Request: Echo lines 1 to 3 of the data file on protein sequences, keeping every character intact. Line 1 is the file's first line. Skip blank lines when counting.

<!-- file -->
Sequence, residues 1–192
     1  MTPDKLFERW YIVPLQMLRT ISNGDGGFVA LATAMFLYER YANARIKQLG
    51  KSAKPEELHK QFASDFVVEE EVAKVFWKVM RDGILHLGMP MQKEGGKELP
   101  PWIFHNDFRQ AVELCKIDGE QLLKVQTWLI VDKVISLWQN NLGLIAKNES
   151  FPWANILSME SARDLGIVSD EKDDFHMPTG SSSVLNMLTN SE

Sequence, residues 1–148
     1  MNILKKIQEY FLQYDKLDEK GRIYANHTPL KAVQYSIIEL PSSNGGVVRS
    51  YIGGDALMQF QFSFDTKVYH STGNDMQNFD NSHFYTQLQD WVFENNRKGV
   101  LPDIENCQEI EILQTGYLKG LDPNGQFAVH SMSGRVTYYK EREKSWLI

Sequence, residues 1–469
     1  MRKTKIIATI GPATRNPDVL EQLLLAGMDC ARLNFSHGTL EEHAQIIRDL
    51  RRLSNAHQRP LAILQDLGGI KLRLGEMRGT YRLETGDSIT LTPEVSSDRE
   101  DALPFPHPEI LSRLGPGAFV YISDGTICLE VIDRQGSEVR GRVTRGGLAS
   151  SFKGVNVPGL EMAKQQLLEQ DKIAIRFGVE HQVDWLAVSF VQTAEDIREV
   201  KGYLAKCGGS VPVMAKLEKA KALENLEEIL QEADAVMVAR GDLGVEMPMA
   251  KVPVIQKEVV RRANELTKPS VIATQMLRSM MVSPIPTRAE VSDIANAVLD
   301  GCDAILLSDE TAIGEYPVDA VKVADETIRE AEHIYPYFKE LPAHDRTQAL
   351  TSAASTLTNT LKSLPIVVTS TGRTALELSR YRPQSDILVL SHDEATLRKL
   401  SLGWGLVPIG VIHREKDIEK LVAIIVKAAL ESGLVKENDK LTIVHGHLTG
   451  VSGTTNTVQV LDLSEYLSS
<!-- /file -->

Sequence, residues 1–192
     1  MTPDKLFERW YIVPLQMLRT ISNGDGGFVA LATAMFLYER YANARIKQLG
    51  KSAKPEELHK QFASDFVVEE EVAKVFWKVM RDGILHLGMP MQKEGGKELP